Black History Month (BHM)
In 1987 BHM was introduced to schools in the UK by Linda Bellos to respond to the general absence of representations of Black achievement in the education system. Since then, in October of every year, BHM has been celebrated throughout Britain in schools and Further Education (i.e. post-compulsory, pre-university and vocational) colleges, with Societies hosting events in Higher (i.e. tertiary) Education. Redressing the absence of Blackness in education is thought to have both engaged ethnic minorities in schooling (particularly those that historically underachieve in UK schools) and create recognition of the various communities that are settled in Britain, who are tolerated and whose cultures are enjoyed at social levels, but not considered as positive contributors to world history.
Pupils achieving 5 or more A*-C at GCSE/GNVQ: by sex and ethnic group, 2004, England
*GCSE stands for: General Certificate of Secondary Education. It is the qualification that pupils obtain when they leave school at the earliest age of 16. Good GCSEs are grades A*-C. The indicator of acceptable achievement is set at 5 good GCSEs.
BHM is modelled on its US predecessor. Over there BHM is one of a number of Months devoted to ethnic communities who are under-represented in the education system. The fact that some institutions over here celebrate the history and cultures of their establishments’ various ethnic communities is one reason why there has not been a perceived need for a designated month to celebrate Greek culture in North London for example. Another reason would be that Ancient Greek culture already features in education in the West. Ethnicity alone does not therefore justify the grounds for inclusion in BHM.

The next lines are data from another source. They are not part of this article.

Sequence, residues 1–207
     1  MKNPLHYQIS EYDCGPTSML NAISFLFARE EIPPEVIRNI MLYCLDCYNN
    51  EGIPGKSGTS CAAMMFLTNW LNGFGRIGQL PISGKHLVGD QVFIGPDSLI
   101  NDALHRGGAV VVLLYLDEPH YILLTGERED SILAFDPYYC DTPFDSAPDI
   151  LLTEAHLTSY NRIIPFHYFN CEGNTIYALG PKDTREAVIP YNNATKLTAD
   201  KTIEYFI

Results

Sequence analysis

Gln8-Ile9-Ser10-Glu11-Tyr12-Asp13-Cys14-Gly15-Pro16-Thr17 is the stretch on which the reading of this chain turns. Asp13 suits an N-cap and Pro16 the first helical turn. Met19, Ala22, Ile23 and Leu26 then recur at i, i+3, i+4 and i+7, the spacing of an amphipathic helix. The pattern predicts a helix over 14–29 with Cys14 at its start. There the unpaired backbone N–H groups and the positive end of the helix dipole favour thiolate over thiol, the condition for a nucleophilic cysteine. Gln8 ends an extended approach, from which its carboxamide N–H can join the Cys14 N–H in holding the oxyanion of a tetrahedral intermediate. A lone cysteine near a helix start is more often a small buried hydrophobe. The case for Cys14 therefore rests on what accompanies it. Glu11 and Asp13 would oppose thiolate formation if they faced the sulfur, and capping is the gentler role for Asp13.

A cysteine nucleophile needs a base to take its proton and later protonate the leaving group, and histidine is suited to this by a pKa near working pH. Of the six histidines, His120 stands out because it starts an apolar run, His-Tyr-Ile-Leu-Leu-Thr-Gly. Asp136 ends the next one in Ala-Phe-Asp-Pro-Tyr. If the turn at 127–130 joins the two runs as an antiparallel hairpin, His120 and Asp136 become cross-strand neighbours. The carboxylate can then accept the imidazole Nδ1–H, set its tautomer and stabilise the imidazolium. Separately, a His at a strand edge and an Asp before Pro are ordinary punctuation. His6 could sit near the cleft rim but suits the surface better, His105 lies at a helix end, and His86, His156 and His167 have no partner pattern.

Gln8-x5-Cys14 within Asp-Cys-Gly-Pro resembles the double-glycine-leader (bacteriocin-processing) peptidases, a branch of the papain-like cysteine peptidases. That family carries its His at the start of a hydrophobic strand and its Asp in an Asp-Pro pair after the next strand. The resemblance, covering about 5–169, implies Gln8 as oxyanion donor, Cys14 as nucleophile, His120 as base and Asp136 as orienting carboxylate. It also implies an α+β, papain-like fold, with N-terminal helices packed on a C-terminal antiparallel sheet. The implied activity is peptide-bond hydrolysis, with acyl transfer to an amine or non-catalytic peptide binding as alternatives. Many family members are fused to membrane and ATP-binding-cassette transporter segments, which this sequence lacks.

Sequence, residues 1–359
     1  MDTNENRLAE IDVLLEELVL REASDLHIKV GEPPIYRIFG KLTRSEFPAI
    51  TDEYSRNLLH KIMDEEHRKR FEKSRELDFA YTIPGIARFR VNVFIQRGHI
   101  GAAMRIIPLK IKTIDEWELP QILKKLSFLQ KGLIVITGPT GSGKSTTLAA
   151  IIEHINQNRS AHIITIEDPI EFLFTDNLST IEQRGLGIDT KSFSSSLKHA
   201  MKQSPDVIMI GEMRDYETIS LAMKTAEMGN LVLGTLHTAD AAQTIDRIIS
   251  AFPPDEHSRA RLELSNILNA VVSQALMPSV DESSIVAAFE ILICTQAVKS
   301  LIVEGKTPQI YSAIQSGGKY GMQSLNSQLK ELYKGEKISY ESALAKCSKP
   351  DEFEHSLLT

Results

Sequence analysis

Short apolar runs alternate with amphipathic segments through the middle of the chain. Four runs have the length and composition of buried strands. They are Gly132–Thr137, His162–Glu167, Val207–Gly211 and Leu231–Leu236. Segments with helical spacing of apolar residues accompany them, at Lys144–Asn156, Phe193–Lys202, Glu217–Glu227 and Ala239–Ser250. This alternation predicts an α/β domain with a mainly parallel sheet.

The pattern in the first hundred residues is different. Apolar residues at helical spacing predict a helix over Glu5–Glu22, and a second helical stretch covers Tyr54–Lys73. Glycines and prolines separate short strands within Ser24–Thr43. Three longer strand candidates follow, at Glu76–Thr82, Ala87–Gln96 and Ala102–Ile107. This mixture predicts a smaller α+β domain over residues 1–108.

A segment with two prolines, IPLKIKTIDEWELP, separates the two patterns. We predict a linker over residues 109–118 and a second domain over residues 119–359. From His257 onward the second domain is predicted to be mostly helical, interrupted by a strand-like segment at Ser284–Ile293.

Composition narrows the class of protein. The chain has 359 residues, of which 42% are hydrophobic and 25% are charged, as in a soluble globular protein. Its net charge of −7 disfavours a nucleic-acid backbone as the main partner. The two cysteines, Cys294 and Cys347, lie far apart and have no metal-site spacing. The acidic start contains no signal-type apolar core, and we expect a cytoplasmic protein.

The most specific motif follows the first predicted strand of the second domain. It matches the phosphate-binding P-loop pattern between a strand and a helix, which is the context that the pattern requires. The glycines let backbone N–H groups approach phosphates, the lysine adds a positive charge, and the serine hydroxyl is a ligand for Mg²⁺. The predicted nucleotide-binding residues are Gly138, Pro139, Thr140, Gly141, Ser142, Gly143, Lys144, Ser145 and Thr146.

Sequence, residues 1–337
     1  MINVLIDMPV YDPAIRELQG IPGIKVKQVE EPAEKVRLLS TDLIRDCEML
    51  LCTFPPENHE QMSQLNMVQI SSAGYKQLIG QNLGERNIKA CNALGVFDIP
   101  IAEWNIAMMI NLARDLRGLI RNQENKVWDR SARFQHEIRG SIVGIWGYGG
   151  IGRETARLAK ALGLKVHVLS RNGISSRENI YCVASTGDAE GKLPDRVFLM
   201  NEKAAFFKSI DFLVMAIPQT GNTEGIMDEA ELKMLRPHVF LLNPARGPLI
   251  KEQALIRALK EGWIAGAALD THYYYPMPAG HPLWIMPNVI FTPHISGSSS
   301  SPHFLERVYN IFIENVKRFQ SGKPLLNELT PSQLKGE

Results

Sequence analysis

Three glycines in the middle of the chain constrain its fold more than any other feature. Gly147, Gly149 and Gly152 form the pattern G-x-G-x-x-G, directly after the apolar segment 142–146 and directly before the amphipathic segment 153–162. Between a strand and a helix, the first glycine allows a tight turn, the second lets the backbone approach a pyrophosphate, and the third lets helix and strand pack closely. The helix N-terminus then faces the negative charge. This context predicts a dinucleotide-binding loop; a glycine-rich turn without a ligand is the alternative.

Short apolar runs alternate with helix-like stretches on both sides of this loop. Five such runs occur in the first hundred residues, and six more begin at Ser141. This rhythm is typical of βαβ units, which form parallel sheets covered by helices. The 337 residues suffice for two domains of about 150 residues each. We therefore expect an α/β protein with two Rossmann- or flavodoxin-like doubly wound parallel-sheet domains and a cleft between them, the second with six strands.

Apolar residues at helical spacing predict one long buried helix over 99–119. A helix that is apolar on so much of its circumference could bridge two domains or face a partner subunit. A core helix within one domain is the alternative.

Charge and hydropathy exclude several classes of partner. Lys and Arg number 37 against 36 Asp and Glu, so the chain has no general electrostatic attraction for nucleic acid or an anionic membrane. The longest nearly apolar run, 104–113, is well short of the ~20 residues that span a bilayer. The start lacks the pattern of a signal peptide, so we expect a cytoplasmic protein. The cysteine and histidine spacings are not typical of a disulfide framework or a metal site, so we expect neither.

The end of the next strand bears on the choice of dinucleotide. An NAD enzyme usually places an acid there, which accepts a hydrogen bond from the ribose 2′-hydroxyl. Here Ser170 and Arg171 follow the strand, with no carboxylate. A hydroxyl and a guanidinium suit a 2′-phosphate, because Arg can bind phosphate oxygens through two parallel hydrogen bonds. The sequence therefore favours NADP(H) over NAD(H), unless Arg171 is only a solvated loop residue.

Notwithstanding this rationale, opposition to BHM centres on a number of issues relating to the overall focus on Black ethnicities at the expense of others. In a number of educational establishments, the English population is in the minority. Whilst English history and culture are obviously integral to the national curriculum, the absence of representations of marginalised English cultures (e.g. working class) means that the education system is similarly alienating for and dismissive of individuals from these groups. In fact, nationally, White working class boys fare worst from the education system than all other groups. The reasons for such under-achievement are undoubtedly multiple, although lack of identification with subject content is cited as one. This argument would seem to undermine the premise of BHM in a society in which class divisions are deeply entrenched. The paucity of students from working class backgrounds in the Russell Group (i.e. some of the most prestigious universities in the UK) testifies to these divisions. Fewer than 15% of students who go to universities that are in the Russell Group are from working class backgrounds.
Other opponents to BHM claim that not leading to a specific skill that is useful in the labour market or resolving a tangible social problem, BHM (particularly during the current period of economic downturn) is a waste of taxpaying resources and a niche topic, given the overall percentage of Black and other ethnic minorities in Britain.
2001 Census findings
|Ethnic group||Population||Proportion of total UK population|